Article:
In any case, for purposes of encompassing the divinity, I agnostically think that any faith you care to concoct will be no more effective than spitting in the sea.




The Progenitor

I’ve already written about gratitude being a great attitude.  Well, chief among the blessings for which I am immensely grateful is the incongruous fact that this old gay man is a progenitor.  I’m now something of a patriarch—please, eldest member—of a direct family line.

How that odd situation came about is another story which I’m putting into a memoir, but I now have two lovely daughters, and despite an amicable divorce now 45 years ago, the family is still hanging together, my former wife included.

Maybe I’d better say me included, because the extended family is all hers, and all these years I’ve simply been part of it as first husband and father of two of her children.  Her son by second (and also temporary) husband I’ve always considered to be my stepson, albeit ex post facto.  To my girls I’m Daddy, and to the in- and out-laws, nieces, nephews, etc. (Uncle) Richie.

Though we’ve mostly lived in separate cities, I frequently visited the girls where they grew up in Gainesville FL and very much enjoyed watching them do it.  Over the years the whole family sometimes visited me as well, and the teenaged girls and I once did a two-week camping trip across southern Ohio in search of Indian mounds that eventually led to a book.

Richard Balthazar with older daughter, 1974

Richard Balthazar with older daughter, 1974


Richard Balthazar with younger daughter, 1979

Richard Balthazar with younger daughter, 1979

In yet another layer of blessing, my first and only wife and I are now for all intents and purposes the proud grandparents of four grandsons and two granddaughters.  My, how we do propagate.  Not to mention a new generation of cousins.  Generation—we’re now the third generation!  If the girls hadn’t waited so long to procreate, we could easily be the fourth right now.  Gadzooks!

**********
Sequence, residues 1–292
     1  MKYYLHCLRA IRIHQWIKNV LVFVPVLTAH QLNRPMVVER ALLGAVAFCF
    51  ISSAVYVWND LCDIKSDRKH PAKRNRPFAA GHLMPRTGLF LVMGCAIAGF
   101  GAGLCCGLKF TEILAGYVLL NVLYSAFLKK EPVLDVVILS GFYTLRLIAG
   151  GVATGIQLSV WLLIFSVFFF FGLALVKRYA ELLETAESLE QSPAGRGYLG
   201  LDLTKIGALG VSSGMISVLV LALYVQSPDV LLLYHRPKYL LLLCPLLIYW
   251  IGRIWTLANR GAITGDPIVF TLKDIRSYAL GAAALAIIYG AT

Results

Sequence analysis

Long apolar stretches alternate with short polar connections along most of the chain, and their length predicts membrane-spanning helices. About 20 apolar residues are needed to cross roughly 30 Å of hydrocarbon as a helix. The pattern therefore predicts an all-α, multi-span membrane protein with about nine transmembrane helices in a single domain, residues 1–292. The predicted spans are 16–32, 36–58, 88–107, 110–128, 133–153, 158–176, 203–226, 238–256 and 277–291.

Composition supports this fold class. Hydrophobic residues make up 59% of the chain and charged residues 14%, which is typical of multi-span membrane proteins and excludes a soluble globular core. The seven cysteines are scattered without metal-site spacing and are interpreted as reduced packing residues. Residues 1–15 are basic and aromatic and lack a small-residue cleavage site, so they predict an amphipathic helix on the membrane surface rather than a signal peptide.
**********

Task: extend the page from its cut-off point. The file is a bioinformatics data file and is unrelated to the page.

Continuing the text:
I regret not having photos of the granddaughters or the Atlanta grandsons, but here’s a more or less  recent shot of my Santa Fe grandson Jammes, now 12.

The Santa Fe grandson

The Santa Fe grandson

My younger daughter moved out here to Santa Fe around 1990, arriving with her boyfriend, whom I liked from the start.  Understandably they’ve been central in my life ever since.  Though they didn’t marry till several years later, he always found it amusing to have a gay father-in-law.  I always tried to be present and available for them without getting in the way.

Also from the start (since we have the same name), my son-in-law started calling me Pappou [pop-poo] having no idea that it was like the Greek for ‘grandfather’ (παππούς).  It surprises ethnic Greeks to hear the grandkids call me that.  Thus my lurid past in the Gin Mill manifests itself anew in this distant present.  Σ ‘αγαπώ, αγάπη μου!

My Santa Fe family expanded twelve years ago with the arrival of our youngest grandson, only a few weeks younger than the twins in Atlanta.  After he was born, I became basically a daily visitor and have since shared in the vicissitudes of his babyhood, toddler-hood, kid-hood, and now pre-adolescent-hood.  It’s been, as we used to say back in the sixties, a trip.  It’s regrettable that living so far away, I’ve not been able to share like this in the lives of my other grandsons.  On the other hand, maybe that has saved what’s left of my sanity.